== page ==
On July 8, 2021 Chief Justice John Casey of the MA Probate and Family Courts announced a suspension to the requirement for divorcing parents to complete the mandatory parent education program specified in the court’s Standing Order 2-16, Parent Education Program Attendance, issued in 2016.
The announcement surprised many MA divorce lawyers and mediators. Besides our weekly reminders to some clients to finish the program prior to their case concluding, feedback about the program from our clients – which went remote like most everything else during the coronavirus pandemic – was mostly positive.
When I first heard this news, I expected some form of replacement program would also be announced. The news was an abrupt and significant change to a relatively long-standing requirement intended to help divorcing parents communicate better with each other, keep kids away from conflict, and help educate about other parenting-related topics. It was clear from Judge Casey’s announcement that the program and the providers had some shortcomings, and the court provided details supporting their decision.
Why was the current parenting education program terminated?
Below is a summary of the reasons included in the court’s announcement for suspending the parenting education program in Massachusetts:
- The Probate & Family Court began researching the parenting education program in 2018. Judge Casey notes that the pandemic understandably required many changes in court operations (and likely delayed additional findings about the parenting program). Their internal assessment revealed several concerns. This review led to the suspension of the program and will be followed by further reevaluation about the program’s future.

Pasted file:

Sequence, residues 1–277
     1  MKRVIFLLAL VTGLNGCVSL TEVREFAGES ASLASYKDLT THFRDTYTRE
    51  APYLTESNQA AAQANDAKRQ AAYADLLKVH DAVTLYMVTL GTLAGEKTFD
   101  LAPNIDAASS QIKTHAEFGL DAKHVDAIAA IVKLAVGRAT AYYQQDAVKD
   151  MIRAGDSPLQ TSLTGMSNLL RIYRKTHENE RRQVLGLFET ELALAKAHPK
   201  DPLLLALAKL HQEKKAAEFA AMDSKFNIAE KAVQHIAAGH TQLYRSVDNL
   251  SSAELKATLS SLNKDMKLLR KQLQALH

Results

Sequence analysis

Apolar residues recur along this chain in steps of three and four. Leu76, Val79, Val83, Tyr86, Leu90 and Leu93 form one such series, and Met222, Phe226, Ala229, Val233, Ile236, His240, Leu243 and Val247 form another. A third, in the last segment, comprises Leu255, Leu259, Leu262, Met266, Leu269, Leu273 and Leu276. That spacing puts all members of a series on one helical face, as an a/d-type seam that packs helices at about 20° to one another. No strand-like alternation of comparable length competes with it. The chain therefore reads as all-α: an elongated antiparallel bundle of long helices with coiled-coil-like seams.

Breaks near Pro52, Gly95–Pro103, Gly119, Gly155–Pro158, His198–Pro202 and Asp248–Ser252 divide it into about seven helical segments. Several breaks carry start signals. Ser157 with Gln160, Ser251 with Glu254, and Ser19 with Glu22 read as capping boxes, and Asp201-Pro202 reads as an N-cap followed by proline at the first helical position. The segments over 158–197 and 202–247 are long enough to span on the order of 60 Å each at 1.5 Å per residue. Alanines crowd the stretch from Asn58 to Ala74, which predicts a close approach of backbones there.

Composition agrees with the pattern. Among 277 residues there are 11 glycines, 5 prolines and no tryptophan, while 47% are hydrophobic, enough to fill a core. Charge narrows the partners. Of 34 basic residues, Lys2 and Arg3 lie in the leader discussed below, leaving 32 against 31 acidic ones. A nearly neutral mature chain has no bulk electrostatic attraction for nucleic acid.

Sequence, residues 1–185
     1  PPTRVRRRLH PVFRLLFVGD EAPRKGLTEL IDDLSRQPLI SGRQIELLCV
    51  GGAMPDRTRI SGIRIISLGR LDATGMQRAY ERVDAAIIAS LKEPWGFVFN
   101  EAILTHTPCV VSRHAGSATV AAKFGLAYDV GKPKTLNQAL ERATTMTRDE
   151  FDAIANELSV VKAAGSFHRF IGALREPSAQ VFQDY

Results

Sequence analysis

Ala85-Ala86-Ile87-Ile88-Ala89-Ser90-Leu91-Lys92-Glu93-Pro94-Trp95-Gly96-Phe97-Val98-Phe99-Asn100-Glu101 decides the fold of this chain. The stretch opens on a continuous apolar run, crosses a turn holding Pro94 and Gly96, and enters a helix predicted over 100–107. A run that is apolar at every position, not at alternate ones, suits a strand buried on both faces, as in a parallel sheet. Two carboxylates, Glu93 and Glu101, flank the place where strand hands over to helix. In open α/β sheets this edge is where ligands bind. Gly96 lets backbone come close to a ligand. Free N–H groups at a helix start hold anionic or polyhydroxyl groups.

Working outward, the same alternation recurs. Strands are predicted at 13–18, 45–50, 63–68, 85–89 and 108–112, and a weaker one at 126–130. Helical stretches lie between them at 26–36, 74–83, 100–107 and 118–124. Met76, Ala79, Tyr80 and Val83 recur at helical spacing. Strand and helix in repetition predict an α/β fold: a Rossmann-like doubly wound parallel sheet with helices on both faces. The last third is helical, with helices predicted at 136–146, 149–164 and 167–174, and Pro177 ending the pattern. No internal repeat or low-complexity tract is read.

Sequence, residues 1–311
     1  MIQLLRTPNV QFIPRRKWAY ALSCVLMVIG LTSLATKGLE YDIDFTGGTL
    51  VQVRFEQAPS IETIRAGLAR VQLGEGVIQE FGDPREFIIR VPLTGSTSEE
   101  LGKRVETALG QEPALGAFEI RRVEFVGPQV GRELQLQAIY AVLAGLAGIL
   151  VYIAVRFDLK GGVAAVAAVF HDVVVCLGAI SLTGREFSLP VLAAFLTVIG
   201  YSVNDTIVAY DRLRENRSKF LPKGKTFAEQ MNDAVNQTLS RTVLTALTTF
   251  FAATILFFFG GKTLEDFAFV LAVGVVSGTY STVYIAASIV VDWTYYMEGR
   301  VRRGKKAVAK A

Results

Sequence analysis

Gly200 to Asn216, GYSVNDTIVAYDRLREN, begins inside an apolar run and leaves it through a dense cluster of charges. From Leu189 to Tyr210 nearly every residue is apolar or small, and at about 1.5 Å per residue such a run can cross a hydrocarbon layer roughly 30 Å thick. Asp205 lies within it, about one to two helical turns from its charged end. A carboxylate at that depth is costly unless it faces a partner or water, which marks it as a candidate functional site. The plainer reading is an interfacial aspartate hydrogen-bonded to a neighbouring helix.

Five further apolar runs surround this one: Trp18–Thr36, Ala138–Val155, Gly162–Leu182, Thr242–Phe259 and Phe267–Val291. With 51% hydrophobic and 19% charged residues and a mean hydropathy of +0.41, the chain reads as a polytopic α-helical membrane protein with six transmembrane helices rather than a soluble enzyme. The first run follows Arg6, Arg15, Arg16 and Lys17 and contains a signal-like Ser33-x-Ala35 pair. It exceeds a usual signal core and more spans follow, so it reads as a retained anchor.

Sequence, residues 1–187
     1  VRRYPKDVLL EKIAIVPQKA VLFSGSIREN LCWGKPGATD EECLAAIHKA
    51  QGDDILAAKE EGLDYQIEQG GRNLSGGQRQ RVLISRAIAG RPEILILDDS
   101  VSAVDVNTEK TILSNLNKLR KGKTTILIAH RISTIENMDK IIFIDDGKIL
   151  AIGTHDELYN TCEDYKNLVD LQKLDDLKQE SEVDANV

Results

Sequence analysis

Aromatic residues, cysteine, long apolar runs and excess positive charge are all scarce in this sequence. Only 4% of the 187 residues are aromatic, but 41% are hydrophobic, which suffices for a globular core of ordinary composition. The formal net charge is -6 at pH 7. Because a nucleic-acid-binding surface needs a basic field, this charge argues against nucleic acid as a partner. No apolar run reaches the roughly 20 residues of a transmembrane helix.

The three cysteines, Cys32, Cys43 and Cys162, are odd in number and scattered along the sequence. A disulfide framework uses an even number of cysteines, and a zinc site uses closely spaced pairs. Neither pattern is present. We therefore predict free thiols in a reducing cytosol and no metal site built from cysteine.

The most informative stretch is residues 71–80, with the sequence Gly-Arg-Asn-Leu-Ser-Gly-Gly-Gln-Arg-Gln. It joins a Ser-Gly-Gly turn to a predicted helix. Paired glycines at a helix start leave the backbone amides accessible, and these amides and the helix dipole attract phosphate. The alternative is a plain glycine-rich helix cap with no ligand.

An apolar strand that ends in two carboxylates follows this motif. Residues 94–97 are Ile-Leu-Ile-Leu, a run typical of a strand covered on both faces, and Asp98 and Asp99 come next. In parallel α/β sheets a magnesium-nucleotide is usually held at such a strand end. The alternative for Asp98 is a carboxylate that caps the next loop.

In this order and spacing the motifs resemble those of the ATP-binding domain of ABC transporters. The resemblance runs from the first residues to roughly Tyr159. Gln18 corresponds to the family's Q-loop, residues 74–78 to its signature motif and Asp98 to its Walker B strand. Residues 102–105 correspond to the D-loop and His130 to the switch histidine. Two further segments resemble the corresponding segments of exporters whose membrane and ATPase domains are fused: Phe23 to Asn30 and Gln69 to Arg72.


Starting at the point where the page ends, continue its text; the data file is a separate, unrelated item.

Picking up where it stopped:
- The court’s announcement references an interesting Boston Magazine article from November 2020 by Catherine Elton, titled Is Massachusetts Shaming Divorced Parents? The article may be found online here: Is Massachusetts Shaming Divorced Parents? (bostonmagazine.com). While Ms. Elton describes her personal reaction to the course and makes several interesting observations, it is not to say that her personal reaction to the course is the same for everyone.
- Massachusetts in one of only 17 states that required all divorcing parents to complete an approved parenting education class. In some states, it is up to the Judge’s discretion, or required for contested divorces only.
- The court’s standing orders treat married and never-married parents differently. While divorcing parents were required to complete the program, never-married parents involved with the Probate and Family Court were not mandated to complete the parenting class, although a judge could order attendance.
- No data exists to confirm the parenting education program produced the desired goals. Since the program began in 1994, the program was never evaluated by anyone – inside the court system or externally. Research was never conducted to determine if the expected benefits of the parenting education program were being met.
- There is no requirement that the program must be evidenced-based. Evidence-based programs have a high likelihood of producing positive results on the targeted issues, have been carefully evaluated, and generate evidence that the program would improve child, parent, and/or family functioning.
- Course providers have broad latitude to develop their own program content – and perhaps took too much latitude is some ways as you will see below.